When most of us were kids, we probably sat down, most nights, around the dinner table. With our parents, and all our siblings. If we were lucky.
In our family, as I recall, there used to be the standard fare of conversation at the beginning of each meal. “Pass the bread, Julie.” “Hurry up with the potatoes Jerry.” “Polly, your eyes are bigger than your stomach.” On on.
And then, once we were settled in, we would get to the other things. The parental interrogations. Maybe interrogate is too strong a word. It was more like the customary “get-to-know-you” talk.
Dad: “How was your day?”
Dad: “Well what did you learn today?”
It always seemed to follow this same line of questioning, and standard-answering.
Never once, when Dad asked me, did I vary from the norm. But I wonder if I had.
Dad: “How was your day Polly?”
8-Year-Old-Me: “You know Dad, truthfully? It was for total crap. I’ll tell you bud. Sister Adriana is worse than Satan himself. Every time I am sitting in the hallway, filling out my workbook, she storms down the hall, heals clanking on the linoleum, and we never know which one of us is going to get busted on the forehead, and drug out of our chair. It’s like the “Whack-A-Mole” game Dad. And we are the moles. Gawd, I hate that place. Can I transfer to the Public School? I’ve been a Catholic now for eight years now, and it doesn’t seem to be working out so good.”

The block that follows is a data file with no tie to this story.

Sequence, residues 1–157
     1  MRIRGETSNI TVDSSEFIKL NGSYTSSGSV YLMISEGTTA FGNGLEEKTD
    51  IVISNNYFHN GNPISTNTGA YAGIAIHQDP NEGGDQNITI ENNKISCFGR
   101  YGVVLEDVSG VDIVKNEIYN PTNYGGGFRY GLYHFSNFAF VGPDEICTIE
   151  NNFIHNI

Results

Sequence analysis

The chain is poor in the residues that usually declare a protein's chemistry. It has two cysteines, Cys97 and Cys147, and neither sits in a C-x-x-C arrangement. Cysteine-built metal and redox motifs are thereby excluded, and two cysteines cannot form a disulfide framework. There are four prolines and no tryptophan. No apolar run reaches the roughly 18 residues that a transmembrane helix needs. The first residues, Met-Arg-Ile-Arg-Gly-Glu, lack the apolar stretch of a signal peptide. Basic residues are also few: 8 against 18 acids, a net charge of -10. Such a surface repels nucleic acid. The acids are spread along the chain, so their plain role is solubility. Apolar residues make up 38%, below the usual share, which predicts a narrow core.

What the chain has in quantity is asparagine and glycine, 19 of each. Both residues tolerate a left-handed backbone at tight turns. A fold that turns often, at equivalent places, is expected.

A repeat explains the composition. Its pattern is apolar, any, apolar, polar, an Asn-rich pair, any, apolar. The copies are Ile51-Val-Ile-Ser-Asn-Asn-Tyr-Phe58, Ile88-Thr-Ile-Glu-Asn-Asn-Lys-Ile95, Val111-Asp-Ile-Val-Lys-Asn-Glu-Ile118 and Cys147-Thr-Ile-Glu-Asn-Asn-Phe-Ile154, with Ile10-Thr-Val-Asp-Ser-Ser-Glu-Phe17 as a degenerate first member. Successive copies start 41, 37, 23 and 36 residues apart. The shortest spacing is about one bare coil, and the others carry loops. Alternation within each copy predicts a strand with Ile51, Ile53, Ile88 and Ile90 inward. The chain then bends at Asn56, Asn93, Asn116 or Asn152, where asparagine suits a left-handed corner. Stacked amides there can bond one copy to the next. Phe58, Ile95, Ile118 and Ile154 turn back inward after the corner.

That would have been a conversation. I imagine if that had come out of my mouth, there would have been about four siblings who might have needed the Heimlich Maneuver.
But really, what I was thinking about, was the second segment of my Dad’s questions.
“What did you learn today?” I’d always answer, thoughtfully, and respectfully. Trying to discern exactly what I HAD learned that day.
I know this much. We all learn something every day. We surely do. Whether or not we take notice of it, or not, is an entirely different matter. I know somedays, I learn things, and I do not give them a second thought. Or, depending on our age, we may just be getting reminded anew. Either way, I think it is a good practice to take notice, and review, the things we have learned.
They say, that you can’t fix something unless you acknowledge that there is something broken. I believe, in this same way, you can’t really learn anything new until you spend some time giving it proper attention. No matter what the lesson.
And when it all filters down, we can always know we’ve learned about three things.
People matter. Our thoughts and actions matter.
“Any fool can know. The point is to understand.”
― Albert Einstein
“Let the improvement of yourself keep you so busy that you have no time to criticize others.”
― Roy T. Bennett
“For the things we have to learn before we can do them, we learn by doing them.”
― Aristotle, The Nicomachean Ethics